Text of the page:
Septic Tank/Soil-Absorption Systems: How to Operate & Maintain [ copy on file as /septic/Septic_Operation_USDA.pdf ] - , Equipment Tips, U.S. Department of Agriculture, 8271 1302, 7100 Engineering, 2300 Recreation, September 1982, web search 08/28/2010, original source: http://www.fs.fed.us/t-d/pubs/pdfimage/82711302.pdf.
How Big Should the Leach Field Be? - table of soil percolation rate vs. field size
Septic System Drainfield Absorption System Biomat Formation - what leads to drain field clogging and expensive drainfield repairs
Septic Tank Pumping Guide: When, Why, How to pump the septic tank
Table of Required Septic & Well Clearances: Distances Between Septic System & Wells, Streams, Trees, etc.
Ten Steps to Keeping a Septic System Working, suggestions from the U.S. EPA, edits and additions by DJF
What is a Septic System An Engineer's View & Septic System FAQ's
Pennsylvania State Fact Sheets relating to domestic wastewater treatment systems include:
Pennsylvania State Wastewater Treatment Fact Sheet SW-161, Septic System Failure: Diagnosis and Treatment
Pennsylvania State Wastewater Treatment Fact Sheet SW-162, The Soil Media and the Percolation Test
Pennsylvania State Wastewater Treatment Fact Sheet SW-l64, Mound Systems for Wastewater Treatment
Pennsylvania State Wastewater Treatment Fact Sheet SW-165, Septic Tank-Soil Absorption Systems
Document Sources used for this web page include but are not limited to: Agricultural Fact Sheet #SW-161 "Septic Tank Pumping," by Paul D. Robillard and Kelli S. Martin. Penn State College of Agriculture - Cooperative Extension, edited and annotated by Dan Friedman (Thanks: to Bob Mackey for proofreading the original source material.)
Our recommended books about building & mechanical systems design, inspection, problem diagnosis, and repair, and about indoor environment and IAQ testing, diagnosis, and cleanup are at the InspectAPedia Bookstore. Also see our Book Reviews - InspectAPedia.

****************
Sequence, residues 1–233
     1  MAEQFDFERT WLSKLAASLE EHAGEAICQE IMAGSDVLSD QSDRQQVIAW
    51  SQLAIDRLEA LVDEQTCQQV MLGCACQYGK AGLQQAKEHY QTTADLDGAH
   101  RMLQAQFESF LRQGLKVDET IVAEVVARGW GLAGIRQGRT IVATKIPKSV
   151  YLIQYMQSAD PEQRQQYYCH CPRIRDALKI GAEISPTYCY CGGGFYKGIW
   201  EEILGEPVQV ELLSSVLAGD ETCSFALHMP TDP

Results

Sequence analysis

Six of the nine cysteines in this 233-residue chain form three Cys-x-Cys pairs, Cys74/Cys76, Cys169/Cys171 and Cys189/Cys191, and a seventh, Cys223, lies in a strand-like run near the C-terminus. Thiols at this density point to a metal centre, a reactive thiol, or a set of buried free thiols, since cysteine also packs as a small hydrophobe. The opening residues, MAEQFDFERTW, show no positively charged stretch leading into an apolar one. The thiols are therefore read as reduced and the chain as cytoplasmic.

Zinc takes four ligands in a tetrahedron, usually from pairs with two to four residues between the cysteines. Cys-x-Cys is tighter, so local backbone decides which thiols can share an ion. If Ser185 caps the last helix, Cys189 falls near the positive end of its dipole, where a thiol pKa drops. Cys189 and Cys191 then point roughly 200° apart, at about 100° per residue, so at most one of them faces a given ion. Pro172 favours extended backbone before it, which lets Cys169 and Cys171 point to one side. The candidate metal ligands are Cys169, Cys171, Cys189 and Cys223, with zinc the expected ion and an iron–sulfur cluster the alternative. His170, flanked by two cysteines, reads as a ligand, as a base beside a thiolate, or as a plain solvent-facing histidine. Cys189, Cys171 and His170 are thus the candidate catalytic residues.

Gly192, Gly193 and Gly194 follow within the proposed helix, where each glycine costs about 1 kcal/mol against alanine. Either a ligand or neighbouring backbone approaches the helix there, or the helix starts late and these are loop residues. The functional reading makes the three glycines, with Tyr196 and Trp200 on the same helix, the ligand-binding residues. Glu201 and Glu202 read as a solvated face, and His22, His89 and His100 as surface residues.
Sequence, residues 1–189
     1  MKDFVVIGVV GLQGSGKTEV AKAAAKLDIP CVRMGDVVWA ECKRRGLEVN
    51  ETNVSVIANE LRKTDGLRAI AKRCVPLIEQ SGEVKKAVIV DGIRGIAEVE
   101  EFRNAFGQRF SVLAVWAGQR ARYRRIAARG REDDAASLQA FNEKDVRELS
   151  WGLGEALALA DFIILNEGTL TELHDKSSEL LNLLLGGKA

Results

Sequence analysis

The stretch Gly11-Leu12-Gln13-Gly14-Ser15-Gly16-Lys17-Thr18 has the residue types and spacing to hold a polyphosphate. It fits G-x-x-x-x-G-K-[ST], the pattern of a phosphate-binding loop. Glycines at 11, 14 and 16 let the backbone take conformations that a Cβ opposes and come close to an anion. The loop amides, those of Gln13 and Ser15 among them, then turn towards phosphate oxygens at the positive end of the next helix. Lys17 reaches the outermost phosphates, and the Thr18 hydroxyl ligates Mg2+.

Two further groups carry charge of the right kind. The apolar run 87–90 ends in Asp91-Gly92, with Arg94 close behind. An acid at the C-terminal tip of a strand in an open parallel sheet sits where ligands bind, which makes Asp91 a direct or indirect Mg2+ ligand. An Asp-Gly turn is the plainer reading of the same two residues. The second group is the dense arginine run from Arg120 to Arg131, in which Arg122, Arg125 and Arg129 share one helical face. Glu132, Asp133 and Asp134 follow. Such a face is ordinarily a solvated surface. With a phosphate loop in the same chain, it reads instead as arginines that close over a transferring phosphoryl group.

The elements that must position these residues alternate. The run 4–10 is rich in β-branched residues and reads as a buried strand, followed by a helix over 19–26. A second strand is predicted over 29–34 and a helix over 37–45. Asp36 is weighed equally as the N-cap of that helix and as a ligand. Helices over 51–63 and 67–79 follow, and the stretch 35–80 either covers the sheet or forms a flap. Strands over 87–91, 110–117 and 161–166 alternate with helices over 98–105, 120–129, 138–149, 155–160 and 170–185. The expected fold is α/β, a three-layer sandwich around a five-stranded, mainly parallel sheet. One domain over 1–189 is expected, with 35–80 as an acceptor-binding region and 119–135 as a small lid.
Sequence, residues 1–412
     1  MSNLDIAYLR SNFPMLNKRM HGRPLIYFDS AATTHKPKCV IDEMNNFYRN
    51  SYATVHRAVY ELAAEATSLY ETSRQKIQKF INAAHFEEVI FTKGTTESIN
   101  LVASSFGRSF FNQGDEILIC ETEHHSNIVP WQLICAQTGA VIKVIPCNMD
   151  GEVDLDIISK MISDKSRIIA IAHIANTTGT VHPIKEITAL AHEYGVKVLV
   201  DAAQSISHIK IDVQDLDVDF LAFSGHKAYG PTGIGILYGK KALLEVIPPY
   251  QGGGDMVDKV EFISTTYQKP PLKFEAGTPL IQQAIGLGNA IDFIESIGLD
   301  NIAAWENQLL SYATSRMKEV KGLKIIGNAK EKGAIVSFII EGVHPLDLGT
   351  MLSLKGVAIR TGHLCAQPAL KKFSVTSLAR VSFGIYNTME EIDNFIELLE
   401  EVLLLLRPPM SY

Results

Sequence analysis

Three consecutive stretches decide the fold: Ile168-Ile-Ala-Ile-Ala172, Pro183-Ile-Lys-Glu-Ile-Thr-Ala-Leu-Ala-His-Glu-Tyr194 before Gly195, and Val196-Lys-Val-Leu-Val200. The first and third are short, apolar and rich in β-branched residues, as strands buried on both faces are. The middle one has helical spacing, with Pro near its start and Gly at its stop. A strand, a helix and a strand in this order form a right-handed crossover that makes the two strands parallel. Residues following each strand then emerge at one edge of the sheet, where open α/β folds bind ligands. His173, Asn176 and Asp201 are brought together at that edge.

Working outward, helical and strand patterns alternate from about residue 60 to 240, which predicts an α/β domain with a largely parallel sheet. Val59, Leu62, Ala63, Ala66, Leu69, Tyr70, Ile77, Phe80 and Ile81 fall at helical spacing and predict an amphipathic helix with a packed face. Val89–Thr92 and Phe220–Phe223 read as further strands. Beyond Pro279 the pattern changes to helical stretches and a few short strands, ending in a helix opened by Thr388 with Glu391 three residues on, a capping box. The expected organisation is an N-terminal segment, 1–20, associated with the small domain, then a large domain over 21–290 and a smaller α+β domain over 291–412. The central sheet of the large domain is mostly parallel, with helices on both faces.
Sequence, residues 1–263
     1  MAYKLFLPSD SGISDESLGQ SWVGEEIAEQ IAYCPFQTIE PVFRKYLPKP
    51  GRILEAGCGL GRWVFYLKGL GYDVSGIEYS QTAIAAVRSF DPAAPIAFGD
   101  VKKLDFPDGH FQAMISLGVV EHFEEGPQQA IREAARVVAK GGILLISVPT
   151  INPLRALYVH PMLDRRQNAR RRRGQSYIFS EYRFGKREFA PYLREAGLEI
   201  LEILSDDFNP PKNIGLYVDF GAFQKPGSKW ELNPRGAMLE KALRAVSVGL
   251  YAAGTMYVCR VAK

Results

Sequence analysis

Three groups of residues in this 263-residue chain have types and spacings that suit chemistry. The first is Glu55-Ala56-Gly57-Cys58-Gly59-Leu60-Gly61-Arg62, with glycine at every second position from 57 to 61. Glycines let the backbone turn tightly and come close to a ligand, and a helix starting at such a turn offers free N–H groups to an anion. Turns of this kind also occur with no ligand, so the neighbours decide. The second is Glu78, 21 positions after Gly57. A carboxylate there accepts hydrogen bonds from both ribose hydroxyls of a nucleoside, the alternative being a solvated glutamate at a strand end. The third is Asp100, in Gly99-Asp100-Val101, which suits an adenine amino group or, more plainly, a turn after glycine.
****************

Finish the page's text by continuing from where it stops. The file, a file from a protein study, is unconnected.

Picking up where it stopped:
The Home Reference Book - the Encyclopedia of Homes, Carson Dunlop & Associates, Toronto, Ontario, 25th Ed., 2012, is a bound volume of more than 450 illustrated pages that assist home inspectors and home owners in the inspection and detection of problems on buildings. The text is intended as a reference guide to help building owners operate and maintain their home effectively. Field inspection worksheets are included at the back of the volume. Special Offer: For a 10% discount on any number of copies of the Home Reference Book purchased as a single order. Enter INSPECTAHRB in the order payment page "Promo/Redemption" space. InspectAPedia.com editor Daniel Friedman is a contributing author.
Inspecting Septic Systems: Online Book, Inspection, Test, Diagnosis, Repair, & Maintenance: our Online Septic Book: Septic Testing, Loading & Dye Tests, Septic Tank Pumping, Clearances, details of onsite waste disposal system inspection, testing, repair procedures.
Advanced Onsite Wastewater Systems Technologies, Anish R. Jantrania, Mark A. Gross. Anish Jantrania, Ph.D., P.E., M.B.A., is a Consulting Engineer, in Mechanicsville VA, 804-550-0389 (2006), Advanced Onsite Wastewater Systems Technologies. Outstanding technical reference especially on alternative septic system design alternatives. Written for designers and engineers, this book is not at all easy going for homeowners but is a text we recommend for professionals--DF. >I>
Builder's Guide to Wells and Septic Systems, Woodson, R. Dodge: $ 24.95; MCGRAW HILL B; TP; Quoting from Amazon's description: For the homebuilder, one mistake in estimating or installing wells and septic systems can cost thousands of dollars. This comprehensive guide filled with case studies can prevent that. Master plumber R. Dodge Woodson packs this reader-friendly guide with guidance and information, including details on new techniques and materials that can economize and expedite jobs and advice on how to avoid mistakes in both estimating and construction. Chapters cover virtually every aspect of wells and septic systems, including on-site evaluations; site limitations; bidding; soil studies, septic designs, and code-related issues; drilled and dug wells, gravel and pipe, chamber-type, and gravity septic systems; pump stations; common problems with well installation; and remedies for poor septic situations. Woodson also discusses ways to increase profits by avoiding cost overruns.
Country Plumbing: Living with a Septic System, Hartigan, Gerry: $ 9.95; ALAN C HOOD & TP; Quoting an Amazon reviewer's comment, with which we agree--DF:This book is informative as far as it goes and might be most useful for someone with an older system. But it was written in the early 1980s. A lot has changed since then. In particular, the book doesn't cover any of the newer systems that are used more and more nowadays in some parts of the country -- sand mounds, aeration systems, lagoons, etc.